LONDON.- The National Gallery
has entered into a commitment to purchase Portrait of Charles William Lambton (1818-31) by Sir Thomas Lawrence (1769 1830).
The 1825 work world renowned as The Red Boy was made when Lawrence, one of the first trustees of the National Gallery, was at the height of his powers as painter and portraitist, a year after the Gallery opened to the public in 1824. Such is its status, in 1967 The Red Boy was the first painting ever to be included on a British postage stamp.
This is a unique opportunity for the Gallery to acquire an exceptionally important painting by one of the finest European portraitists of the early 19th century, which is of outstanding significance for British national heritage.
The painting is being offered from a private collection by private treaty sale via Christies, at a special price of £9.3 million.
The funding is made up of a generous commitment from the American Friends of the National Gallery, plus funding from other sources including donations from individuals and charitable trusts, restricted grants, and legacies already made to the National Gallery. This includes a significant bequest from the estate of Miss Gillian Cleaver, and donations from The Al Thani Collection Foundation, The Manny and Brigitta Davidson Charitable Foundation and other donors
Art Fund has generously supported the acquisition with a grant of £300,000.
The National Gallery shall pay in instalments and will assume legal title (fully own the painting) when the full purchase price has been paid before the end of December 2021.
The portrait of Charles Lambton, commissioned by his father John George Lambton (1792-1840), created 1st Earl of Durham in 1833, caused much comment on its first exhibition at the Royal Academy in 1825 - The Times remarking on the sparkling intelligence of youth. The portrait of the six- or seven-year-old boy shows Lawrences mature powers to the full, in the open but pensive glance, the elegant but informal pose with the bent arm reflecting the Renaissance artists traditional depiction of melancholy, the bravura painting of the red velvet suit, and the extraordinary and unusual background.
Lawrence has placed his sitter outdoors at night, seated on a rocky promontory overlooking the sea, with moonlight reflected in the water it has been suggested that he might have been inspired by Leonardos Virgin of the Rocks, brought to London in 1785 and perhaps exhibited there in 1818 (it did not enter the National Gallery collection until 1880). The effect is undoubtedly romantic, and Lawrence may have intended his setting to characterise the young boy as being on the cusp of a journey through life - although he was not to know when painting this, that his young sitter was to tragically die at the age of only 13 from tuberculosis.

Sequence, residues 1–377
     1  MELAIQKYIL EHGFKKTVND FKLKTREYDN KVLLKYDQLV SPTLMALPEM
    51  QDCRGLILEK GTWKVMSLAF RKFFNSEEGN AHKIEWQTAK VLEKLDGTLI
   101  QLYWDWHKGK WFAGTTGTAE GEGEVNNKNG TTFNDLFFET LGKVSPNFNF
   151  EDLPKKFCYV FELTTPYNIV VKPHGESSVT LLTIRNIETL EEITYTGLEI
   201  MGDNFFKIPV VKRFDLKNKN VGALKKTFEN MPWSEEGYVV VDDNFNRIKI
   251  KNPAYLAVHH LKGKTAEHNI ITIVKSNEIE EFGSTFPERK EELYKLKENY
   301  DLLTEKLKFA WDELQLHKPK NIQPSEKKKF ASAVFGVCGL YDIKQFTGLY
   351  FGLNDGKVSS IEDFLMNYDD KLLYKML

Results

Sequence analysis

The Gallery currently has five portraits by Sir Thomas Lawrence* - but all are from the very early part of his career. The Red Boy, an ambitious and poetic work on an unexpectedly large scale for a portrait of a young child, is very different from the society portraiture which was Lawrences bread and butter and fully demonstrates his powers in maturity. In The Red Boy Lawrence shows how he continued to develop the deeply European sensibility which enables him to be compared to artists such as David, Delacroix, and Goya.
The Red Boy will undergo conservation treatment before going on display at the National Gallery early next year.
The National Gallery is grateful to Christie's for their support in ensuring this work joins the nations collection.
Christine Riding, Jacob Rothschild Head of the Curatorial Department, says The acquisition of Lawrences sensitive portrait of youth, Master Lambton: 'The Red Boy, is a dream come true for everyone who loves British art. Its presence at the National Gallery will allow us to show the intimate relationship between Lawrence, Gainsborough, Constable and many other European artists and paintings in the nations collection at Trafalgar Square.
Dr Gabriele Finaldi, Director of the National Gallery, says Lawrences Portrait of Master Lambton, known as The Red Boy, is a tour de force of technical brilliance and at the same time a moving representation of a young boy becoming self-aware. This dazzling portrait will join other superb child paintings at the Gallery, including works by Murillo, Hogarth, Liotard, Gainsborough and Vigée Le Brun. I am confident that when it is acquired it will quickly become a much-admired painting for all our visitors.
Jenny Waldman, Director of Art Fund, said The Red Boy is an outstanding and tender portrait by one of Britains most distinguished painters at the height of his powers. Art Fund are delighted to support the acquisition of this painting, which is a national treasure. We are thrilled that The Red Boy will join the National Gallery collection for the enjoyment of future generations.